"I am horrified at the new proposal to amend the liquor policy!"
Following the debate about whether or not schools should serve alcohol to those of age at school functions, a Parent24 reader responds...


"Yes we all know alcohol is addictive and that children are impressionable and susceptible if exposed, but I do ... believe it infringes on the Constitutional rights of adults to prohibit them from consuming alcohol at parties and school functions in case children are present.

Not every adult who enjoys a social beer or glass of wine is a complete lush and alcoholic just because the stupid few cannot control themselves or behave themselves when alcohol is on offer.

This does not justify prohibiting alcohol at all!

Has our Government never heard of Prohibition in the USA in the 1920’s? It is widely argued that Prohibition in the USA resulted in the creation of large-scale, well-funded and well-armed criminal syndicates and bootlegging became the flavour of the decade.

Read: Should schools be allowed to sell alcohol to adults at functions?

Whilst the proposals are not total prohibition (yet), they are certainly a huge step in that direction. In a country fraught with crime and corruption, is this really a good idea?

Making the sale of alcohol in certain public places [forbidden] just because children may be present – namely 500m away from schools, places of worship, recreation facilities, rehabilitation or retreat centres, residential areas and public institutions – is firstly a bit vague and ambiguous (are restaurants, hotels and bars not ‘recreational’ or ‘public’ institutions?), and secondly, a bit ridiculous – children are allowed at restaurants and hotels - are we going to have adults-only restaurants and hotels?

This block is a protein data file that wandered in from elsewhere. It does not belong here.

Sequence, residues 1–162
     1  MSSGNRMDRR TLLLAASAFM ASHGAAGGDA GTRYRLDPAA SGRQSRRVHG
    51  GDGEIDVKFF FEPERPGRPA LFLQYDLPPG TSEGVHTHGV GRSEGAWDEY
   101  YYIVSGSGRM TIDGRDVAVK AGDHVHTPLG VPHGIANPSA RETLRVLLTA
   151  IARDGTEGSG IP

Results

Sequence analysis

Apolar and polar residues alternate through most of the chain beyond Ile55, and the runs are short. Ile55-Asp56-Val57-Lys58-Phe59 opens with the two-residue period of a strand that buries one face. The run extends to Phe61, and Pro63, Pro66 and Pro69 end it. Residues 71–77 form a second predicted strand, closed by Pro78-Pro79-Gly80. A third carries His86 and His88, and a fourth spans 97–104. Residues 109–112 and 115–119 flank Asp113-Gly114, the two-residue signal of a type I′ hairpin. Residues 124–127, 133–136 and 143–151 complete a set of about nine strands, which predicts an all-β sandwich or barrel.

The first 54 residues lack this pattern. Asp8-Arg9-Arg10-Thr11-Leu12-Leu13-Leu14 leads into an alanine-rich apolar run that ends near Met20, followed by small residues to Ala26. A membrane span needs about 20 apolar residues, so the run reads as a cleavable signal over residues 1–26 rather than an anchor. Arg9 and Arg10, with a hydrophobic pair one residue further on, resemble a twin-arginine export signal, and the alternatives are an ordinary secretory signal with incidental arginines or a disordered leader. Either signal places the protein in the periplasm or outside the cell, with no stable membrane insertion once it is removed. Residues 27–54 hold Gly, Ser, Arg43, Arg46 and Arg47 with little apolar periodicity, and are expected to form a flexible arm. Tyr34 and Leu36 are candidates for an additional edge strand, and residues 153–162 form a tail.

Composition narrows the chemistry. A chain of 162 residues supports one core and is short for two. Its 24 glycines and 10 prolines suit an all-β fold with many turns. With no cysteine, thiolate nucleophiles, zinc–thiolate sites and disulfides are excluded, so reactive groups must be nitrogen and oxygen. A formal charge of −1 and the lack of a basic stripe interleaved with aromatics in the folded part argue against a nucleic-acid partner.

Read: When an alcoholic is a parent

A far better approach would be to spend more money and time on educating children about the negative effects – social and physiological – of alcohol abuse rather than banning alcohol being served to adults at schools and places of worship.

The liquor law could place huge fines on institutions which do not take measures to prevent alcohol abuse in such situations.

Perhaps we need to improve the facilities and resources assisting members of family abuse and violence due to alcoholism, and punish the alcoholics rather than the social drinkers.

We all know the alcoholics will still find a way to drink and hide their liquor in innovative ways, and still be drunk in the very places where the social drinkers who practice moderation are now banned from having a glass of wine!"

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